smithsonian.com

Barrow, Alaska is not the pristine wilderness touted by the American imagination. It is not home to sparkling bays where whales jump against a backdrop of crystal white mountains to the delight of passing cruise ships. Rather, it is northernmost Alaska—“gravel and coast and tundra,” says photographer Florencia Mazza Ramsay. Flat land stretches for miles. The climate is harsh and wild. “It feels like you are in the middle of nowhere and that’s the end of the world and there’s nowhere else to go,” she says.

Mazza Ramsay’s photography credits include Playboy Spain and Porsche, so as she was trekking alongside scientists in Barrow last summer on high alert for polar bears, she paused to consider the contrast.

“I went from five-star hotels and celebrities to carrying a shotgun [for defense] in the Arctic,” she says with a laugh.

Originally from Argentina, Mazza Ramsay now lives in El Paso, Texas, with her husband, a research assistant for Systems Ecology Lab (SEL), whose work includes monitoring coastal erosion in Barrow during the summer months. Through him, Mazza Ramsay learned about the very real impact of climate change in the Arctic town, including an average of 60 feet of coastal erosion in the past decade.

Inspired to share the realities of this far-off place with the El Paso community, she applied for a grant from the University of Texas El Paso, which runs SEL, to document the research being done in Barrow. Project approved, she set out with her husband from June to September 2015.

When the Ramsays arrived, SEL's principal investigator had hoped they would have a chance to see frozen Barrow. “That’s what gets everyone excited and that makes really interesting photos,” Mazza Ramsay explains. “The thing is that we barely got to see the frozen Barrow."

This year, the National Oceanic and Atmospheric Administration’s Barrow Observatory observed snowmelt on May 13, the earliest in 73 years of record-keeping. The melt followed a winter that was 11 degrees above normal for the state. According to NOAA, Barrow is one of the last places in the United States to lose snow cover. The effects of earlier ice melts include changes in vegetation as well as wildlife breeding and migration patterns.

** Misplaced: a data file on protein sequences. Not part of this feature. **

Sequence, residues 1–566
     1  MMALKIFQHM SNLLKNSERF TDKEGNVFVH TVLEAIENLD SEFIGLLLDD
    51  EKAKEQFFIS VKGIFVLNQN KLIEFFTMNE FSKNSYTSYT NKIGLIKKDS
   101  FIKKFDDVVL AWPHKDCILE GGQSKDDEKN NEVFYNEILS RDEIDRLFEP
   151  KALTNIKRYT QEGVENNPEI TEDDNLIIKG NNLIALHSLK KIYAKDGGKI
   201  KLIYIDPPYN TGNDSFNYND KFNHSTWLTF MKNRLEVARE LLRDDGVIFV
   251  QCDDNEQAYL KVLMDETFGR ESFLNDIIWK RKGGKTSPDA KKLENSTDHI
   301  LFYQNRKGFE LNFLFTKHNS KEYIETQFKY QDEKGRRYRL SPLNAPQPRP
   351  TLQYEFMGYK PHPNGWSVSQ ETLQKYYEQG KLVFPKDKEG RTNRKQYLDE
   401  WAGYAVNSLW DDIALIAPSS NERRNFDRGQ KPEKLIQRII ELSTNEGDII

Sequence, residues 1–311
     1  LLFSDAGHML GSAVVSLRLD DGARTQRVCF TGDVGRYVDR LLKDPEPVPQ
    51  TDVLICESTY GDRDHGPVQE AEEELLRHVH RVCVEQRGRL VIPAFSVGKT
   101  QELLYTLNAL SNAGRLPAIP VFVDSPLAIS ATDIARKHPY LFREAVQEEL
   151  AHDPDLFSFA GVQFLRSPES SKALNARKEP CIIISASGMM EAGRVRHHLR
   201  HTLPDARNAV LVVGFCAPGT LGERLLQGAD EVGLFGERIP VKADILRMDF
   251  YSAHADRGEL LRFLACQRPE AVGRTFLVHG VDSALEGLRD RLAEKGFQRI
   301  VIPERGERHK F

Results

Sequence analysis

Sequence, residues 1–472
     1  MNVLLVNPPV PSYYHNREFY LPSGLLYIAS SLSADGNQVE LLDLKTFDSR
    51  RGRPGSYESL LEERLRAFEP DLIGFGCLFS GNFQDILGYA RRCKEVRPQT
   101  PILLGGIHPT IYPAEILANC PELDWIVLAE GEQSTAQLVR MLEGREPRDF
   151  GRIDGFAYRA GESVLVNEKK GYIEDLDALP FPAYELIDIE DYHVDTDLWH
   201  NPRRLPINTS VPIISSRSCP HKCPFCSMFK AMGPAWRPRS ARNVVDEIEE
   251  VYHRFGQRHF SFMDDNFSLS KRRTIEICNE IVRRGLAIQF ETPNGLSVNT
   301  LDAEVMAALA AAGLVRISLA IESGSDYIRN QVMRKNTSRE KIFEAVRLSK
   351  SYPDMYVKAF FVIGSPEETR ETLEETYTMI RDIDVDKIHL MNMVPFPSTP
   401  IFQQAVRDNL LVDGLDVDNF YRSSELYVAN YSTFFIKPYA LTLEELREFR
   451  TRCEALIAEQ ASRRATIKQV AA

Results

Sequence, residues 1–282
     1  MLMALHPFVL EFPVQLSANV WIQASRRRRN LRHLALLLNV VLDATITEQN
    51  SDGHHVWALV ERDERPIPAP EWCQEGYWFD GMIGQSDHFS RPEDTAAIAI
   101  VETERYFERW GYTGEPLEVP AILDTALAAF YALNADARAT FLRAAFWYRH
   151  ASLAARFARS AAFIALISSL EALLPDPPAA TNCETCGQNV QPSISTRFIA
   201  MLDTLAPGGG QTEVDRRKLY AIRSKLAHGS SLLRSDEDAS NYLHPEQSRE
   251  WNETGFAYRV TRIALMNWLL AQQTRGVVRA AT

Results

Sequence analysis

Over the course of four months, Ramsay accompanied scientists from several organizations studying a range of these effects, from erosion to changes in snowy owl habitsA few of the scientists she accompanied had traveled to Barrow for many years and provided her with valuable, firsthand insight into the realities of Barrow’s climate. Among them was George Divoky, who has studied the population of black guillemots, a black and white waterbird, on Cooper Island for more than 40 years.

In that time, Divoky has witnessed many changes to the tiny island off the coast of Barrow. Notably, this summer was the black guillemot’s earliest breeding season yet. While he used to camp on the island, he now lives in a hut to stay away from hungry polar bears and in 2002, he had to be airlifted off the island when polar bears ripped up his tents. Divoky attributes this change to the degradation of the their natural habitat, Arctic pack ice. 

Outside of documenting scientific work, Mazza Ramsay engaged with the local community and came to understand the effects of a changing environment on their way of life. From her conversations, she learned that warmer currents and changing sea ice conditions have made conditions more difficult for whalers, who must travel on ice to reach whales and are setting out on their hunts later than usual. This is a significant change, says Mazza Ramsay, due to limited resources in the Arctic tundra: "Barrow culture is rooted deeply in subsisting off the land. People really need to hunt to survive." Elders also shared memories with her of days past when they would sled down now-eroded hills.

Mazza Ramsay hopes that her photographs highlight the importance of climate change beyond political boundaries and put a face to the ways in which scientists are working to understand its effects.

Looking forward, she aspires to return to Barrow to explore the relationship between scientific and local communities. She would like to get a sense of whether the research being done is inspiring for the younger, native generation or viewed as intrusive. Much of the native community is receptive to the scientists’ presence, she explains, but others are wary yet.